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Natty Gann again

Thursday, February 12th, 2009

When I was a little girl, there were a couple of movies that I watched over and over again. All of them were taped straight off TV – back when Sunday nights meant family movies on ABC, back when VCR’s had the pop-up compartment for the videotape, back when we lived in San Jose, CA.

I knew – and still know – every word (dialogue and lyric), every dance, and every nuance to “The Sound of Music.” I watched some portion of it every single day from age 4-6. I also obsessed over “Annie”; how could I not? I thought the idea of being an orphan was romantic (sorry, Mom and Dad), and the opening song, “Maybe,” remains one of my favorite melodies to this day.

And then there was a 1985 Disney film called “The Journey of Natty Gann.” I have not watched it since probably 1989, and had totally forgotten about it until about a month ago. As soon as I thought of it, I added it to my Netflix queue, and finally re-watched it last night.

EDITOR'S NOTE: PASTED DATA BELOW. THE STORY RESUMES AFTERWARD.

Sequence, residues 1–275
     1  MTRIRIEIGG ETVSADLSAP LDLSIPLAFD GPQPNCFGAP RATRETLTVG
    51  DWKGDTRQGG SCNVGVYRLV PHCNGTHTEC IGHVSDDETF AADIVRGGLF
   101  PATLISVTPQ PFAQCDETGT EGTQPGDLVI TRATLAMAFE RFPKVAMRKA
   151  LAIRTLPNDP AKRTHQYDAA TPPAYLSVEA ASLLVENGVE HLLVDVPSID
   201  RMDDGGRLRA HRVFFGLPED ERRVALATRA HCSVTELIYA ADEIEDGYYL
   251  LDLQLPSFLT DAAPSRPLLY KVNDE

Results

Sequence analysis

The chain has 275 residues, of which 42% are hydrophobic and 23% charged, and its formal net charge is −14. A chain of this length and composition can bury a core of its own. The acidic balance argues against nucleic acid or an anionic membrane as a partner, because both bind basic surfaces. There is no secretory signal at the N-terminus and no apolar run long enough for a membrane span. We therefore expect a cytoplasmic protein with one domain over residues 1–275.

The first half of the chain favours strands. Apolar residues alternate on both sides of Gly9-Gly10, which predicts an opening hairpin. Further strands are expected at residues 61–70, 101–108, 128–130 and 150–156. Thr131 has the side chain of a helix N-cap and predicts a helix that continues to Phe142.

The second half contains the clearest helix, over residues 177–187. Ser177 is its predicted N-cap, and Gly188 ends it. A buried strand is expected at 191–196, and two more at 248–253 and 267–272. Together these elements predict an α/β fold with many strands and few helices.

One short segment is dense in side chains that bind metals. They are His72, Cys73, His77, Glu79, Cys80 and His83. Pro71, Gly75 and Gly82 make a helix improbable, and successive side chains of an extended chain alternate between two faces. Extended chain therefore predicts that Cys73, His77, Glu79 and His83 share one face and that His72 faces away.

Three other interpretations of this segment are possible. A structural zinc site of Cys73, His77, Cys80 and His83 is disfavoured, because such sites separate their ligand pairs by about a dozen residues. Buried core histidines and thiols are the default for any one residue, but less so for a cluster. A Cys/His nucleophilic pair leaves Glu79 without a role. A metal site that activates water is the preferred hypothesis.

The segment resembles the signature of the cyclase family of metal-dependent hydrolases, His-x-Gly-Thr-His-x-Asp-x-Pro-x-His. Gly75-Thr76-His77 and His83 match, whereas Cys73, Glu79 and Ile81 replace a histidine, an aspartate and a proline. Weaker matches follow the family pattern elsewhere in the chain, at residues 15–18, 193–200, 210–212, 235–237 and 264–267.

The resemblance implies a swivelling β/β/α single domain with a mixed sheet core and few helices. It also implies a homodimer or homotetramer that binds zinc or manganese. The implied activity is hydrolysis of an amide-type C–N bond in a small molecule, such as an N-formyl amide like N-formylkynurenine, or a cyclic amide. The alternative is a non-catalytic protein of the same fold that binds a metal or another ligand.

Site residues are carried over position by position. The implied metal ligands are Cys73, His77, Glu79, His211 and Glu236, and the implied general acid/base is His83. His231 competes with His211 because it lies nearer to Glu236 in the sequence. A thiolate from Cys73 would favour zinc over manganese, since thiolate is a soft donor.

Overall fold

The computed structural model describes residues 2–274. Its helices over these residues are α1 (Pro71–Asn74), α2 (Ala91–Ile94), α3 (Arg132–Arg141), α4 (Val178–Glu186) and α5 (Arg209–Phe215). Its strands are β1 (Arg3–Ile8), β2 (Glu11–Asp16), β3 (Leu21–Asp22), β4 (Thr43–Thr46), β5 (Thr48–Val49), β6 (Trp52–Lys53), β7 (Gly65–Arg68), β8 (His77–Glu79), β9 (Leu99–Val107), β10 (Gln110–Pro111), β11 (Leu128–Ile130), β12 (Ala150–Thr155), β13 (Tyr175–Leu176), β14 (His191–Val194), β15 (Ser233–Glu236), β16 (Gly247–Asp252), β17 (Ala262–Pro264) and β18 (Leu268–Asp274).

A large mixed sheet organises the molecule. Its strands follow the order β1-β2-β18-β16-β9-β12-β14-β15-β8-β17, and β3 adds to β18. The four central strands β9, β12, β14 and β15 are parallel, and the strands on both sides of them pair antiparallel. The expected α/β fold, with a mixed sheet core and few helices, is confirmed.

I never realized how formative this movie was for me.


Here’s the plot summary, taken from IMDB:

Natty Gann is a twelve-year old Depression era girl whose single-parent father leaves her behind in Chicago while he goes to Washington State to look for work in the timber industry. Natty runs away from the guardian she was left with to follow Dad. She befriends and is befriended by a wolf that has been abused in dog fights, hops a freight train west, and is presumed dead when her wallet is found after the train crashes. Dad gets bitter and endangers himself in his new job. Meanwhile Natty has a series of adventures and mis-adventures in various farmhouses, police stations, hobo camps, reform schools, and boxcars.

Natty Gann’s sense of adventure, fear, courage, longing for home, and love for dogs convinces me that I absorbed so much from this movie. I only wish that John Cusack had been my first kiss.

A couple of things that struck me, this time around:

  1. In 1985, a “PG” rating allowed the words “damn” and “shit.”
  2. In 1985, a “PG” rating allowed kids being hit in the face.
  3. In 1985, a “PG” rating allowed dog fights and blood.
  4. In 1985, a “PG” rating allowed sexual predators and dangerous men.

See – now you HAVE to watch it. It’s so exciting!

Go back and watch a movie that you haven’t seen since early childhood. I’m convinced that you’ll be struck with something – something deep inside of you, something formative, something that you never realized had a source.

I mean, honestly. Why else would I have a secret-yet-unsquelchable desire to name my firstborn “Fievel”?